To many, Ralph Waldo Emerson’s writings are cherished. Among those who admire and take pleasure in Emerson’s writings are committed and faithful Christians. To those who enjoy his writings, Emerson serves as an inspiration and a release to the confinement of rationalism, empiricism, and the social conformities of our day. Given the steadfast attraction to Emerson’s writings in the Christian community, how should Christians approach Emerson?
Christians must approach Emerson with extreme caution. Many elements of Emerson’s writings are not only contrary to traditional Christian theology, they are anti-Christian and polluted with heresy.
Ralph Waldo Emerson began his roots as a heretic in the Unitarian Church. Soon after his pastoral beginnings, Emerson turned on organized religion. However, his new transcendental philosophy was a radical divergence from any Christian teachings.
Before I actually address some of Emerson’s more popular teachings, I want to first say a couple things about Unitarianism.
Unitarianism denies that the God of Christianity can be identified as the three-person Trinity (the Father, the Son, and the Holy Spirit). Unitarians believe Christ to be of immense significance, but not divine as traditional Christians hold. Rather, Unitarians believe that Christ had a “divine mission” to make people more aware of God’s righteousness and of our responsibility to care for each other. Thus, they are not Trinitarian, but Unitarian (God is one being/person).
As it can be seen, Emerson had already been subject and exposed to unbiblical and heretical teachings. Thus, with the Unitarian setting, it can be seen why Emerson could diverge from Christianity so easily and so intensely. Emerson’s Unitarian history sets the preface for what I want to pos about—specifically, Emerson’s anti-Christian transcendental philosophy.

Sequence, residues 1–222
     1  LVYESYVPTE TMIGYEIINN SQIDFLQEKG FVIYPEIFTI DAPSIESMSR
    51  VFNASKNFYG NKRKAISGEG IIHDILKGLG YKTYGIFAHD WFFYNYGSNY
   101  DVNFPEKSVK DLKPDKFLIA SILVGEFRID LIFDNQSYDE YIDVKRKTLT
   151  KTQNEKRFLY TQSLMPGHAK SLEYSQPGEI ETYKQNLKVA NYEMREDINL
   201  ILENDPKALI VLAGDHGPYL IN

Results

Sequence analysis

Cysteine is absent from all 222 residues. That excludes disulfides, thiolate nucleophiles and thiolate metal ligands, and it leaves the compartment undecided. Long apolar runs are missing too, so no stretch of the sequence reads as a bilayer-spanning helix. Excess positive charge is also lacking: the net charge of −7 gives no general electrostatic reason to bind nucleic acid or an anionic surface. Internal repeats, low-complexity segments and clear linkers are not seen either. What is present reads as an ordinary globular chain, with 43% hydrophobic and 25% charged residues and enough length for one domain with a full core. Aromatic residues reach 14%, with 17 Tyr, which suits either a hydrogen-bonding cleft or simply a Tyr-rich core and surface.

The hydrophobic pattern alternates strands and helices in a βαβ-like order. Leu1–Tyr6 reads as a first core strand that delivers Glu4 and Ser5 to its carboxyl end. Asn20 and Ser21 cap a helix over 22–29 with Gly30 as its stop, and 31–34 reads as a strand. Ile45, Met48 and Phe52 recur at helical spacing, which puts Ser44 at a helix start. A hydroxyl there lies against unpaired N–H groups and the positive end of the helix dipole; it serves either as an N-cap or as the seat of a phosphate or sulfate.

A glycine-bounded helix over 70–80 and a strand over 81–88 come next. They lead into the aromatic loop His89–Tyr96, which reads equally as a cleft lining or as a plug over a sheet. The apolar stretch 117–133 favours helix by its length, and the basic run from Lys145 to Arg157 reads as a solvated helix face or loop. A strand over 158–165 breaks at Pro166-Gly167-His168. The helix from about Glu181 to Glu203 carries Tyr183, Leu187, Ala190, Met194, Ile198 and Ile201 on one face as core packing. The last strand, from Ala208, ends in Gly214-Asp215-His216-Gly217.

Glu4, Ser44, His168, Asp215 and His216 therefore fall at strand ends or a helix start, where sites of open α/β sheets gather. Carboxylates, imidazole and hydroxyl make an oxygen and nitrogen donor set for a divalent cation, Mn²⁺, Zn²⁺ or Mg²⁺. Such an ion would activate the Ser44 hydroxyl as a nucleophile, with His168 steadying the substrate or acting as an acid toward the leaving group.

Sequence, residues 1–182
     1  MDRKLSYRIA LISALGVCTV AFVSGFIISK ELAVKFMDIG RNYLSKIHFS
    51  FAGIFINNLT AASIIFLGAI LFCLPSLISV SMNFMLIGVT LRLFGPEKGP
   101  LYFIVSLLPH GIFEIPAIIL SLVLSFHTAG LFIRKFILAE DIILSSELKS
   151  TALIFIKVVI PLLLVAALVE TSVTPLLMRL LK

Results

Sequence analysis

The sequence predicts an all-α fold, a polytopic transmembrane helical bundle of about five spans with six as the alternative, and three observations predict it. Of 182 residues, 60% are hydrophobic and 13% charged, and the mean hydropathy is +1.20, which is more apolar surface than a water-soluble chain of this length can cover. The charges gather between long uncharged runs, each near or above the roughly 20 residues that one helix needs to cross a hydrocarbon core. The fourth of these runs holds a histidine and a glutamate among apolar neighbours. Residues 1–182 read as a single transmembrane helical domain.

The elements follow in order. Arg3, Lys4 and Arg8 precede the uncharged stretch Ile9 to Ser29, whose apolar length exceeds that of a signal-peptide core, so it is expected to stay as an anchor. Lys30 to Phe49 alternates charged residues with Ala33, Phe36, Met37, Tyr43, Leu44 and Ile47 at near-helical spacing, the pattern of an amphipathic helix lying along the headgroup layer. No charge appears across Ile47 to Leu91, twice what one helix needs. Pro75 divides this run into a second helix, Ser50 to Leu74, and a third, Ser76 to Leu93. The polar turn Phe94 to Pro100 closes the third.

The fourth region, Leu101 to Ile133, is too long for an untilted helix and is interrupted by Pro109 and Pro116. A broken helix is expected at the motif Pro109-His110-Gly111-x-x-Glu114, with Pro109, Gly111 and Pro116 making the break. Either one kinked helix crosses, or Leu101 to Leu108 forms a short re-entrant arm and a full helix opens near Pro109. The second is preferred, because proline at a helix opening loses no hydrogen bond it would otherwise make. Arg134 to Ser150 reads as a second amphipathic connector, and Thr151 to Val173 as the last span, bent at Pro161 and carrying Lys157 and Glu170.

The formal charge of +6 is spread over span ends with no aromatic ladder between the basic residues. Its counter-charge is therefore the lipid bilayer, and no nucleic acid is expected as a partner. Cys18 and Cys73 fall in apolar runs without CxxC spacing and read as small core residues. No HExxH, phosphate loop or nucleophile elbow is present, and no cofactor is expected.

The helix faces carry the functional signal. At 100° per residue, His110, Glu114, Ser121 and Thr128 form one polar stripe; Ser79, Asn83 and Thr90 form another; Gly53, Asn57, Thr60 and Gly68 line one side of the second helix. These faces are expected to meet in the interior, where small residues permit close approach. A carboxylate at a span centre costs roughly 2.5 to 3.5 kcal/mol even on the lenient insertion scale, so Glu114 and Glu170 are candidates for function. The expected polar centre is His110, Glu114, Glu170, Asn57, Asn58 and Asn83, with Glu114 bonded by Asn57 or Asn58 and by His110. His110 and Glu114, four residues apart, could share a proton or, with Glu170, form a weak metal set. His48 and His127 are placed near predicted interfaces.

The Transcendental Deity
In his essay The Over-Soul, Emerson described the transcendental deity: “We see the world piece by piece, as the sun, the moon, the animal, the tree; but the whole, of which these are shining parts, is the Soul.” Instead of a Christian deity, Emerson believed in the Over-Soul, a pervasive, pantheistic energy source rousing all things. For Emerson, the Over-Soul is the definitive reality of our world.
In comparison with Christianity, there are several irreconcilable discrepancies with Emerson’s Over-soul. First, God possesses the characteristics of being a personal spirit being. The personal attributes of God are infiltrated throughout scripture. For example: He lives (John 5:26), He loves (John 3:16; Rom. 5:6-11), He speaks (Matt. 3:17), He works (John 5:17, 20), He knows (Matt. 6:8, 32), He wills (Matt. 7:21), and He sees (Matt. 6:4, 6, 18). Thus, the Christian God is a personal being rather than an impersonal energy force.
The Nature of Man
Emerson’s view of man is also contrary to the tradition teachings of scripture. In fact, Emerson articulated an essential oneness of man with the divine in his essay The Over-Soul:
We know that all spiritual being is in man. . . [A]s there is no screen or ceiling between our heads and the infinite heavens, so there is no bar or wall in the soul, where man, the effect, ceases, and God, the cause, begins. The walls are taken away. We lie open on one side to the deeps of spiritual nature, to the attributes of God.The elevation of man in this passage is precarious. How Emerson makes this connection is unknown. However, it seems that he claims to be a part of God; making himself divine.